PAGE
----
With regard to the fear of being alone, in my experience the best way to deal with that is to commit to being single for awhile and dealing with whatever issues come up. In my experience it's the best way to root out the dysfunctional neediness that's keeping you hooked into unsatisfying relationships.
posted by jazzbaby at 8:03 AM on February 2


I'm thinking much more about building the rest of my life, now that I know I'm going to have one.

You have the rest of your life. Don't waste it on a relationship that doesn't fulfill your needs.
posted by easy, lucky, free at 8:20 AM on February 2 [3 favorites]


I think your parents need you more at this time than she does. She takes you for granted and treats you bad. End the relationship as kindly as you can and then go and spend as much time as you can with them. If you don't you may regret it when they're gone.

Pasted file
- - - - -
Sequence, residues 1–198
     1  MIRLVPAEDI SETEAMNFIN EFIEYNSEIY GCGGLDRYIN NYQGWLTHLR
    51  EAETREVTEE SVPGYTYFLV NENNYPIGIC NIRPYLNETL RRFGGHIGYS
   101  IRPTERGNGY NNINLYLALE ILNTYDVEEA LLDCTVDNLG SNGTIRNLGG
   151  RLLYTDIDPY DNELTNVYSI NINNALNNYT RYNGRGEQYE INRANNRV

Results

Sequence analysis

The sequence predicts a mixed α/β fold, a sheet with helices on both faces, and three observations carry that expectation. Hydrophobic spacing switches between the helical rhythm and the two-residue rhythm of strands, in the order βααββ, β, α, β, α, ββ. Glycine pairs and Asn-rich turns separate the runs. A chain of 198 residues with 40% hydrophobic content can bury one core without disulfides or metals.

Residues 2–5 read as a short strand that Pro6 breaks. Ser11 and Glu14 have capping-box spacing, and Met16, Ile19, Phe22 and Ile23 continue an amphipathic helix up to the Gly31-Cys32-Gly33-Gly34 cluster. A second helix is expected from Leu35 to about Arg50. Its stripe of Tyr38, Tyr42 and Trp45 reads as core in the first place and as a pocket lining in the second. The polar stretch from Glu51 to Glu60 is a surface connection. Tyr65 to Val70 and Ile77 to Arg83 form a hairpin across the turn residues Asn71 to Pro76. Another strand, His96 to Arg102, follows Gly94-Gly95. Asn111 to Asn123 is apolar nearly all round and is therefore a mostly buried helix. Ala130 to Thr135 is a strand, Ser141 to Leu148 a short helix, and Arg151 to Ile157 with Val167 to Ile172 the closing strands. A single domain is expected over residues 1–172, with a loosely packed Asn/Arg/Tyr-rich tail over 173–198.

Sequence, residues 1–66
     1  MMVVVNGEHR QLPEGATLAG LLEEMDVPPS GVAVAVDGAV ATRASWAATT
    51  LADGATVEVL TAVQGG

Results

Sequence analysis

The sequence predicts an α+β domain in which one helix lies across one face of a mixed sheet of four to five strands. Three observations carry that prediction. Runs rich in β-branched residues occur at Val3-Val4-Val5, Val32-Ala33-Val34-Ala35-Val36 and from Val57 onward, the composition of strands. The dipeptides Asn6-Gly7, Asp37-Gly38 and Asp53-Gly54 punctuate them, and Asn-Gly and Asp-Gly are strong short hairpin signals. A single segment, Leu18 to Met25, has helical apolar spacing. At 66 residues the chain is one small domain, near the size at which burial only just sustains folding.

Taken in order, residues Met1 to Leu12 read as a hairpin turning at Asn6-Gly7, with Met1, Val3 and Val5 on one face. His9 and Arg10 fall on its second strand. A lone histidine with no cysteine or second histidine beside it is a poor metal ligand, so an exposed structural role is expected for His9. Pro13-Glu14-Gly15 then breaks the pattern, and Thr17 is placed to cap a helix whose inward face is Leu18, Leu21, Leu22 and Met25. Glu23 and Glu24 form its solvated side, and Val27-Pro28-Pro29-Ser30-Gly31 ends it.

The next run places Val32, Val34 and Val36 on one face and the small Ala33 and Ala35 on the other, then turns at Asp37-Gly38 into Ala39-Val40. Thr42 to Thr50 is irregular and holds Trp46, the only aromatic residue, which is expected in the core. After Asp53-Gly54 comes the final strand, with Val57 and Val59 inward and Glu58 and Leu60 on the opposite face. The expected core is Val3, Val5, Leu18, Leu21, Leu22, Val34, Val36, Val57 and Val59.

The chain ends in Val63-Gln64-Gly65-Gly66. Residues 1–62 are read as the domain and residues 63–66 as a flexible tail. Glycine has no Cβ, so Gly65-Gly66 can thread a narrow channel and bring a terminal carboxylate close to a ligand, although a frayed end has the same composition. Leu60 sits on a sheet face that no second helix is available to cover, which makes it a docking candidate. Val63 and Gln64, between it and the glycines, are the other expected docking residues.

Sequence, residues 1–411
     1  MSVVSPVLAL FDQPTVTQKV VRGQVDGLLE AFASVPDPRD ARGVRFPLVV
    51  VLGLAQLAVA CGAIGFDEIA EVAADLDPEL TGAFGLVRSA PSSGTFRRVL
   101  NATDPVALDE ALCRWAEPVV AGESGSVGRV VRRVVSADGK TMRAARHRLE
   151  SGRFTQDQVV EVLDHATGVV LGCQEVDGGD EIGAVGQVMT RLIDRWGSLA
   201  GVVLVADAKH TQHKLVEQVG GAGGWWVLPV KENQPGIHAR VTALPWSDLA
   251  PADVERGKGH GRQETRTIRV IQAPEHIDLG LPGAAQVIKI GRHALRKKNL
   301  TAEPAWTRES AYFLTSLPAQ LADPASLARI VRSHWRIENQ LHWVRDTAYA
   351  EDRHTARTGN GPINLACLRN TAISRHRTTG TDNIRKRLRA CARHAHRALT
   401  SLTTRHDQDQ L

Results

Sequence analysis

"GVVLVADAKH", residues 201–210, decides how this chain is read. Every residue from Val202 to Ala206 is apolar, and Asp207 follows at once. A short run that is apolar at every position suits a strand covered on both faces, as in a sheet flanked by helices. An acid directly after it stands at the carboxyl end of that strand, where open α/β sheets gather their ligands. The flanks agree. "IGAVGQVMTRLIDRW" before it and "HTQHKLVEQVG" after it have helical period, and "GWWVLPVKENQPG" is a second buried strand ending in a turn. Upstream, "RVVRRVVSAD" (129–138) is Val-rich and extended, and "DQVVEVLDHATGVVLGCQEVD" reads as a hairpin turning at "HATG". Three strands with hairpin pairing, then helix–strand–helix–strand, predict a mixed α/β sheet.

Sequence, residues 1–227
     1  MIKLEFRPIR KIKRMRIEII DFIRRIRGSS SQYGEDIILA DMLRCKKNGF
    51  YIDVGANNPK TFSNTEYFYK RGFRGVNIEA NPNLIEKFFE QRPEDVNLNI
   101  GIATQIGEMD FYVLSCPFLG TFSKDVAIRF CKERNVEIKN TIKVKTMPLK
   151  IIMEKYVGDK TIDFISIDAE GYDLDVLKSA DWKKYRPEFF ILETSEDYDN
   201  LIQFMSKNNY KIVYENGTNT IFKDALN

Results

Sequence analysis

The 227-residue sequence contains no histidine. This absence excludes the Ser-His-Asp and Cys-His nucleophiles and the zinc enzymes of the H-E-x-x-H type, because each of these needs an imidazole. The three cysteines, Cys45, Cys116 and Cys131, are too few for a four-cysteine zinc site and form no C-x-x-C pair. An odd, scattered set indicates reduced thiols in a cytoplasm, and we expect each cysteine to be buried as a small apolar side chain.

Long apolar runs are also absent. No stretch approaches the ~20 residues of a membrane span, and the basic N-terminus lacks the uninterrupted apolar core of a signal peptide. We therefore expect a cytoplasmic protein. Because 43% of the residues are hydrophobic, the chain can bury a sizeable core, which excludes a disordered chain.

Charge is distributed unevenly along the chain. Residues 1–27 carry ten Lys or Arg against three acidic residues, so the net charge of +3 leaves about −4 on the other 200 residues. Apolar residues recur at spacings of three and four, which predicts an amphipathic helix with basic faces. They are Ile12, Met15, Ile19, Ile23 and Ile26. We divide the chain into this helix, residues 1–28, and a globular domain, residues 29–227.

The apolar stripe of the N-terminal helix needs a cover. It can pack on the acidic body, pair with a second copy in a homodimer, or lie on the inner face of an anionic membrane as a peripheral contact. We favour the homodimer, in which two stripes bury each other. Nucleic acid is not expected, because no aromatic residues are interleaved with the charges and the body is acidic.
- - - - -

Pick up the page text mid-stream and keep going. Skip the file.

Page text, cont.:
posted by blokefromipanema at 9:29 AM on February 2 [4 favorites]


I agree that her behavior is awful, but I also agree with Young Kullervo that since we know nothing about the relationship history or your behavior, it’s up to you to consider whether you’ve made a good faith effort to reach out to her, or whether this is a pattern that could easily be recreated with the next woman. It doesn’t excuse her behavior, and if she’s that unhappy the right thing to do would be to let you know or leave you, but I think people who are more prone to quiet contempt don’t always acknowledge the toxicity they’re bringing to the table. If you’ve never had therapy it might be a good idea to try it before making any drastic changes.